So, the zoological society hired Medcor, an on-site medical firm based in Illinois, to help establish a wilderness medical program to manage a research station in the jungle, at Cocha Chashu in the Amazon jungle of Peru. The zoo contracted with the Peruvian government to help manage the site. Since the zoo has worked with Medcor for years in San Diego, they already had experience working together and had proved the effectiveness of this kind of risk management in other projects.
 
 
June 8, Medcor founder and CEO, Philip Seeger, and EVP Curtis Smith traveled to the jungle with the zoo’s risk manager, David Matthias, to conduct a first-hand assessment of all the travel and evacuation logistics. Medcor needed to assess the medical needs and response options for people at the station that is so remote it requires four days travel from the United States each way, the last two by small boats, 10 hours a day.
 
 
This means the 20-year-old Cocha Chashu station, according to Medcor executive vice president, Curtis Smith, is two days to the nearest town. So telemedicine is essential, particularly when the science group is too small for an onsite medical professional. Research groups vary from two people up to 30, staying from days to months.
 
 
While navigating the rivers, they test two different satellite systems to connect to Medcor’s existing triage call center. Medcor’s telemedicine service is already used by over 80,000 worksites (and many mobile workers) in the US and is available 24/7. Connecting from the jungle involves data, audio and video links – all of it battery and solar powered.
 
 
Shortly after arriving at the station, the Medcor team had opportunity to use their triage service on a real patient. The first on-site injury? An insect bite (presumed to be a spider) that was becoming inflamed. Treatment was given immediately and the patient recovered without complication, Smith said.
 
 
Medcor is also working with locals who provided travel and support services for the station. The project includes stocking the station with essential medical supplies; protecting them from insects, heat and humidity is key to having them available when needed. Supplies in place could be used by researchers being directed by Medcor clinicians remotely, or used by Medcor staff who travel on-site to support large groups.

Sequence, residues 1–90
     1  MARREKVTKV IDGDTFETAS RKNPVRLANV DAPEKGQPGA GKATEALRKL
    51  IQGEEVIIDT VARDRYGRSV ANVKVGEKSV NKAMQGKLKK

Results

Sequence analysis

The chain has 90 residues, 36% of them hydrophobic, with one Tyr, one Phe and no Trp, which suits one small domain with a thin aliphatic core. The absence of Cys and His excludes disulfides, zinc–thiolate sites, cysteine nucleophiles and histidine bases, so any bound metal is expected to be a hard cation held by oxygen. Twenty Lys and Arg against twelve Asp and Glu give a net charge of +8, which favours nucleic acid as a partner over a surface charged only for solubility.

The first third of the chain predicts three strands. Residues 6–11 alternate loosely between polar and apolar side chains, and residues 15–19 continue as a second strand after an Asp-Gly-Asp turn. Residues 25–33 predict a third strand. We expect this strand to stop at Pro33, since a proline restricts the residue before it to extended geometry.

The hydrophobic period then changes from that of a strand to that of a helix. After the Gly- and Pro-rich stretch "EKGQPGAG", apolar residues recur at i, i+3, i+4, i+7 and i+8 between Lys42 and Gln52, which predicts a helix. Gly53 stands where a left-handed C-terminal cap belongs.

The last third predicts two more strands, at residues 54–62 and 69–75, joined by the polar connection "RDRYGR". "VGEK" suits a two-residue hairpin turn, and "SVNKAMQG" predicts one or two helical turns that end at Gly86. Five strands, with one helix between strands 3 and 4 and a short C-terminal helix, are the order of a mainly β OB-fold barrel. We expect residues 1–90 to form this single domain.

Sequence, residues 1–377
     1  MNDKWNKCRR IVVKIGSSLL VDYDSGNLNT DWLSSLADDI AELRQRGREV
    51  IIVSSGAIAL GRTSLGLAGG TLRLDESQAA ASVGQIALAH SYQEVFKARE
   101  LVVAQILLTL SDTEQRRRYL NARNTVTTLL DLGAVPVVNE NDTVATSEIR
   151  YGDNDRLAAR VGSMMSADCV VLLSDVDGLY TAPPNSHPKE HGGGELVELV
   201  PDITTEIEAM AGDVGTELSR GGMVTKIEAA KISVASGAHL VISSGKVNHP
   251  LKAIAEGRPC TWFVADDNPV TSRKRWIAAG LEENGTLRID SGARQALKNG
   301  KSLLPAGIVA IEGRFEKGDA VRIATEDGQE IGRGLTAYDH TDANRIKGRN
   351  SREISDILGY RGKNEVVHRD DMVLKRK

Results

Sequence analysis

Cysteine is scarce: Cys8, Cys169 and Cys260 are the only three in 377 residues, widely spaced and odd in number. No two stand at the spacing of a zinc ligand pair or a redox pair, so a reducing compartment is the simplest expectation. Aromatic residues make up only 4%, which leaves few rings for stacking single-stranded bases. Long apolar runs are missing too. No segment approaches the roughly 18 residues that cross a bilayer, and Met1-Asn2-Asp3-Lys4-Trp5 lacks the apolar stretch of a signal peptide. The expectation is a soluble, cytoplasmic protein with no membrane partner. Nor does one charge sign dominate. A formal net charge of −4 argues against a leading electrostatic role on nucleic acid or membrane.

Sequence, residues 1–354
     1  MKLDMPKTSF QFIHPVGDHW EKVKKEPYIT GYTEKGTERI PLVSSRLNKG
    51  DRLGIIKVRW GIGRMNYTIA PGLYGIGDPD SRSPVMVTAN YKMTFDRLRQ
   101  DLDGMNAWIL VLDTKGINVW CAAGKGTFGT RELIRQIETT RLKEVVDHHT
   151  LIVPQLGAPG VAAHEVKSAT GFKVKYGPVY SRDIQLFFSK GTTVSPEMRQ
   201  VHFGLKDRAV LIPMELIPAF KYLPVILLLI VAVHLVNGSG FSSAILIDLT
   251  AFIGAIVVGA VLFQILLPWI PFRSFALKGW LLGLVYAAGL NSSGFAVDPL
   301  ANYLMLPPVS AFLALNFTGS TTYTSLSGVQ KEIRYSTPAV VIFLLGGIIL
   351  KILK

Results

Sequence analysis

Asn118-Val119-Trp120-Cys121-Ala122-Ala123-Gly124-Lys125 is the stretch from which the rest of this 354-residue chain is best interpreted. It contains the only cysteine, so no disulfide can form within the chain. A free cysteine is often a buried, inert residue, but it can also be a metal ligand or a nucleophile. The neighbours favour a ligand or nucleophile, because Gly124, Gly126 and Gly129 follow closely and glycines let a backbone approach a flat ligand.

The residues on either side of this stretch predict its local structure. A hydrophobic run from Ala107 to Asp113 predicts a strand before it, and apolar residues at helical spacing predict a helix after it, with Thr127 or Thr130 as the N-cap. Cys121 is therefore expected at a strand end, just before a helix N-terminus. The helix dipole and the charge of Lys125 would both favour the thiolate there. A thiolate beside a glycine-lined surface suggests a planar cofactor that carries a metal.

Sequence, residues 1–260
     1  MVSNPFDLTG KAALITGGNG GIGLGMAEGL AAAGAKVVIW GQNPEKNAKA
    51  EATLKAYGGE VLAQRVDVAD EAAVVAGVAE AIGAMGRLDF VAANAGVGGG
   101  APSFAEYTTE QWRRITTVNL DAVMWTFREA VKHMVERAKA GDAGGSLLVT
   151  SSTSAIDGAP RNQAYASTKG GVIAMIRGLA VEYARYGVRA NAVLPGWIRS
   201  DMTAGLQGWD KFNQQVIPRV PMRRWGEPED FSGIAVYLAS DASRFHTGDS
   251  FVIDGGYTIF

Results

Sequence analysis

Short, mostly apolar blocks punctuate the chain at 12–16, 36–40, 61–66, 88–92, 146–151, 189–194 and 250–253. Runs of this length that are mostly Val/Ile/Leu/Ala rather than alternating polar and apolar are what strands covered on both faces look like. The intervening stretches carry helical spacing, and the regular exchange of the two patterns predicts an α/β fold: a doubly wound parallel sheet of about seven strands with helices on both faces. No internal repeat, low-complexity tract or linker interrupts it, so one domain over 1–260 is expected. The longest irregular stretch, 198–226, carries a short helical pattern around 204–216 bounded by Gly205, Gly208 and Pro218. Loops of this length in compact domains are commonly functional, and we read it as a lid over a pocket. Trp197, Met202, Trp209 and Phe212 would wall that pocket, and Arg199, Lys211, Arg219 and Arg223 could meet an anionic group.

Wilderness medicine is not new for the company, which supports a clinic at the base camp of Mount Everest, provides on-site medical services at Yellowstone National Park, and has ranged far afield with services on Pacific islands, as well as remote areas in the US. “Of course wilderness medicine is specialized,” says CEO Philip Seeger, “but there are many similarities to our core on-site services in the US, too, Most of the injuries we deal with are still sprains and strains, and we have to train and support our staff, get reports to our clients on time, and stay in compliance with HIPAA and other regulations. Delivering our services remotely forces us to become more efficient overall – many of those improvements also benefit our patients and clients using our services here is the US.”
 

Author Rebecca Shafer
, JD, President of Amaxx Risks Solutions, Inc. is a national expert in the field of workers compensation. She is a writer, speaker, and website publisher. Her expertise is working with employers to reduce workers compensation costs, and her clients include airlines, healthcare, printing, publishing, pharmaceuticals, retail, hospitality, and manufacturing. See www.LowerWC.com for more information. Contact: RShafer@ReduceYourWorkersComp.com.
 
 
 
Do not use this information without independent verification. All state laws vary. You should consult with your insurance broker or agent about workers comp issues.
 
©2011 Amaxx Risk Solutions, Inc. All rights reserved under International Copyright Law. If you would like permission to reprint this material, contact Info@ReduceYourWorkersComp.com.